Eight people have likely died, with two confirmed dead and six in a state of cardiopulmonary arrest, Japan's public broadcaster NHK said after a powerful earthquake battered Japan's northernmost prefecture of Hokkaido early Thursday.
Around 140 people have been injured following the powerful temblor with a preliminary magnitude of 6.7 rocking Japan's Hokkaido prefecture at 3:08 a.m. local time on Thursday (1808 GMT Wednesday) and the death toll is likely to rise, officials said, as multiple houses were buried by landslides with rescue work underway for those still missing.
Local authorities said that around 40 people still remained missing as search and rescue operations ramped up their efforts to find the missing before nightfall.
Also complicating rescue efforts, Hokkaido Electric Power Company said that power was out across the whole of Japan's northernmost prefecture.
After the quake struck, it said that it shut down all of its thermal power plants as a preemptive measure to ensure safety in case multiple fires broke out as the prefecture continued to be rattled by powerful ongoing aftershocks.
All flights have been cancelled at Hokkaido's New Chitose Airport and train, bus and highway services have been suspended, local operators said.
Local police said they had received multiple reports of injuries as a result of the quake and in the town of Atsuma, at least 16 people were missing after eight households were buried by landslides and seven residents have since been found without vital signs, according to public broadcaster NHK.
In Sapporo, the capital city of Hokkaido, scores of people were reported injured, according to local firefighters, and a number of houses in the quake-stricken areas have collapsed, with emergency work underway to rescue those potentially buried under the houses, local officials said.
The quake has also triggered power blackouts across a wide area in Hokkaido affecting some 3 million households, and hundreds of thousands of households were without water supply, local utilities said.
More than 1,300 public schools in the prefecture have decided to close and students are told to stay at home amid the dangerous aftershocks, according to local reports.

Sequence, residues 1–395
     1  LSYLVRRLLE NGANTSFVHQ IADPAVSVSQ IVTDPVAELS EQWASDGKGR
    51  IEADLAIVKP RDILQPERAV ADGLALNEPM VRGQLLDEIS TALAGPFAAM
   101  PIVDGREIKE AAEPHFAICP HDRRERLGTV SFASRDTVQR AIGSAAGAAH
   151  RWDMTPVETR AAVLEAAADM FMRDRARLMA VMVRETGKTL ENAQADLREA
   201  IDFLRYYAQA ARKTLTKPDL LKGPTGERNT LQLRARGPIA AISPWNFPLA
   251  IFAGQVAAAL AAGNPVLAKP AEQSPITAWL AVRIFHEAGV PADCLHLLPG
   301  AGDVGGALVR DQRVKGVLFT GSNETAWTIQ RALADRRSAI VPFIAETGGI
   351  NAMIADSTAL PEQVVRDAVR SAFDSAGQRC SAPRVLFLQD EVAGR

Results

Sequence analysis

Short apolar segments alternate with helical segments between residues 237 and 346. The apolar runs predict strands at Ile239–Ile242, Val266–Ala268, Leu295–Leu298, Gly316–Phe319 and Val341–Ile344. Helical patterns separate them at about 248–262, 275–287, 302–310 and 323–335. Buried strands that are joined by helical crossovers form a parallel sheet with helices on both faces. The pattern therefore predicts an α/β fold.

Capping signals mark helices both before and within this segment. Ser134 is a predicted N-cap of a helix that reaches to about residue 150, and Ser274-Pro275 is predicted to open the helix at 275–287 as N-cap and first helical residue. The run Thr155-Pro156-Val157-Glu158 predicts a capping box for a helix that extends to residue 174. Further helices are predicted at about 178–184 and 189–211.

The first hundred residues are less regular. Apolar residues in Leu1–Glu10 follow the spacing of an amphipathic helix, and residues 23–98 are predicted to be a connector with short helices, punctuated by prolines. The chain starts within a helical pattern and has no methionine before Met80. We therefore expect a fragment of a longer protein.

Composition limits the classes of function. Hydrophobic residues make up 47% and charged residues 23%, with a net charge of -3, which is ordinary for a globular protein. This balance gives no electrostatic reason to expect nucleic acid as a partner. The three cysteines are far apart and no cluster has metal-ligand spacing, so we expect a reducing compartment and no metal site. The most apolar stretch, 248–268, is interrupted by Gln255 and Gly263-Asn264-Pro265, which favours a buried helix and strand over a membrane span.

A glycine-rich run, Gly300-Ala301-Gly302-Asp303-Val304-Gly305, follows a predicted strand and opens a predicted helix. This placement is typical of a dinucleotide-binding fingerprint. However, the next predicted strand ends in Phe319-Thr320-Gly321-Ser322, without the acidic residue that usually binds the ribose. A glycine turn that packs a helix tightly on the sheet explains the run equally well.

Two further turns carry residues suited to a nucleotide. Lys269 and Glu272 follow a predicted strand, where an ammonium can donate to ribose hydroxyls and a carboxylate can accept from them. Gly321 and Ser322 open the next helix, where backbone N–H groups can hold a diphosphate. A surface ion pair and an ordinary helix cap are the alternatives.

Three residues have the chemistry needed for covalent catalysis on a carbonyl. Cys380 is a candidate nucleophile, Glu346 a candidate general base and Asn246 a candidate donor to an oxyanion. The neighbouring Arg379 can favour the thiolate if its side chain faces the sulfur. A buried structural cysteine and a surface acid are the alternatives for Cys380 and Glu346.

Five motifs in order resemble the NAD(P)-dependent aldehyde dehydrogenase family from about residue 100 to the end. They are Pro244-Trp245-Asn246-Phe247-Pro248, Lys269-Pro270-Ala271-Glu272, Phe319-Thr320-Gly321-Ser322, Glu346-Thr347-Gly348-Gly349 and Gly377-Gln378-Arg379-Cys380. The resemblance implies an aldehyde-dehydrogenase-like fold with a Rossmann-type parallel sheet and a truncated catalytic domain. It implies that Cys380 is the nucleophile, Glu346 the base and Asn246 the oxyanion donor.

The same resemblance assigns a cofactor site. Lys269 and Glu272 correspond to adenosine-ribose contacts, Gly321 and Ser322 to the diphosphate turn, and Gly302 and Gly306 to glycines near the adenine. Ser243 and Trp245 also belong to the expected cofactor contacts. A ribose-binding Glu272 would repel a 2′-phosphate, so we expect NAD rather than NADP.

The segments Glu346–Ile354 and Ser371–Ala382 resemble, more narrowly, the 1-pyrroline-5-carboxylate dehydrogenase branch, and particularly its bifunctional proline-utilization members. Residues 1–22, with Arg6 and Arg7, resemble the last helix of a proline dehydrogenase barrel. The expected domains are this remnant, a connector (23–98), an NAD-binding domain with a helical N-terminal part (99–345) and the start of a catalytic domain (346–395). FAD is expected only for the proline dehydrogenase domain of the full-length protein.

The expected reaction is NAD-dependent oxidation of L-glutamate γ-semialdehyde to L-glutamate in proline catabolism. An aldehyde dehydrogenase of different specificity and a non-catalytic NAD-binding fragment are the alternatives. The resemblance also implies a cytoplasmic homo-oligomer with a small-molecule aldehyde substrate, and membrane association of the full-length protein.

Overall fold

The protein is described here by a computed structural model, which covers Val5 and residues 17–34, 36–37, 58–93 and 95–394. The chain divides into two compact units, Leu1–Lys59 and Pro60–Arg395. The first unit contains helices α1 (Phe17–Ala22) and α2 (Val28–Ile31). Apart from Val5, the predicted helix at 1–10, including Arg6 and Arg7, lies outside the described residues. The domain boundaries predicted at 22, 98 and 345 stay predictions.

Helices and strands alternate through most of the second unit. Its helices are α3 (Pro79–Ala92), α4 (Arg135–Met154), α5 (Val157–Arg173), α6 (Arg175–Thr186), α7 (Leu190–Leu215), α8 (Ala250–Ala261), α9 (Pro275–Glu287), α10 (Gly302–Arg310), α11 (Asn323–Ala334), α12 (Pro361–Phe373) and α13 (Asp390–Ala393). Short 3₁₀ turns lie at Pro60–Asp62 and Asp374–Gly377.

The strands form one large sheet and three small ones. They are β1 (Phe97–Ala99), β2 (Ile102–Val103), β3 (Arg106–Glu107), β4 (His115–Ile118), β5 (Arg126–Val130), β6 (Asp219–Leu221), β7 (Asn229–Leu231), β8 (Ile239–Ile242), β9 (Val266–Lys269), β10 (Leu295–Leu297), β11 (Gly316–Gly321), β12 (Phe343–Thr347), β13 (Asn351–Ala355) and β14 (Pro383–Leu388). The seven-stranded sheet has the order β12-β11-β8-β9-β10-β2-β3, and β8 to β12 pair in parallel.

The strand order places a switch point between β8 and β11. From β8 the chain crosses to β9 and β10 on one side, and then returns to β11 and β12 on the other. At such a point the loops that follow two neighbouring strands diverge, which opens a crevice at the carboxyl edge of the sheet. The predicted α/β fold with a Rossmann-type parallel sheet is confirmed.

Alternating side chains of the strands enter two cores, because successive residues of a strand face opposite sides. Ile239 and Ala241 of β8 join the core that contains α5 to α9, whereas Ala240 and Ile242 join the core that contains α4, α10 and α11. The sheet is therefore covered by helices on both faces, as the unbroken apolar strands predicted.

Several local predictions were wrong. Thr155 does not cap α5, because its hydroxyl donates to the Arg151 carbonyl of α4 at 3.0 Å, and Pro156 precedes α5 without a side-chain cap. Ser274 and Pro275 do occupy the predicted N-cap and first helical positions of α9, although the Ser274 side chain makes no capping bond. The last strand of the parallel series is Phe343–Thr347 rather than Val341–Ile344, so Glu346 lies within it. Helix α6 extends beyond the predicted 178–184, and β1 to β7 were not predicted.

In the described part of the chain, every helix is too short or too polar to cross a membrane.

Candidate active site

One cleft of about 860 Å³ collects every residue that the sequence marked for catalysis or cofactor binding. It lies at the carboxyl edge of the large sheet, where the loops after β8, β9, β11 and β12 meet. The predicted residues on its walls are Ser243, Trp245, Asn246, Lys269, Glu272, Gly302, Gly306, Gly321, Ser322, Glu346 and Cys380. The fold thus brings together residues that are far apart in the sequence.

The Japanese government has set up a liaison unit at the crisis management center of the office of Prime Minister Shinzo Abe to gather more information on the devastating quake.
It said some 25,000 personnel from the Japanese Self-Defense Forces will be dispatched to the quake-stricken areas for rescue and relief operations at the request of the governor of Hokkaido.
According to the Japan Meteorological Agency (JMA), the major temblor occurred in Hokkaido Prefecture at 3:08 a.m. local time on Thursday morning (1808 GMT Wednesday), with the epicenter located at a latitude of 42.7 degrees north and a longitude of 142.0 degrees east and at depth of 40 km.
The earthquake was logged at upper 6 in some areas of Hokkaido Prefecture on the Japanese seismic intensity scale which peaks at 7.
It was the first time for a quake in Hokkaido to reach an intensity of upper 6 since the seismic scale was revised in 1996, the JMA noted.
Dozens of aftershock followed, including one with a preliminary magnitude of 5.4 that hit the prefecture at 6:11 a.m. local time (2111 GMT Wednesday), the weather agency said.
The Japan Meteorological Agency has warned that earthquakes with a similar intensity could continue in the area for about a week.
Japan's Nuclear Regulation Authority said that the Tomari nuclear power plant operated by Hokkaido Electric Power Co. had lost an external power source, and a spent fuel pool was being cooled by an emergency power supply system. Power supply has since been restored at the plant, according to the plant's operator.
The nuclear watchdog said that no abnormalities had been observed in radiation levels around the plant.
The JMA said there might be a slight sea-level change in Japan's coastal areas as a result of the early morning temblor.
A potentially lethal fire broke out at a petrochemical complex in Muroran, local media reported, and was later extinguished by firefighters.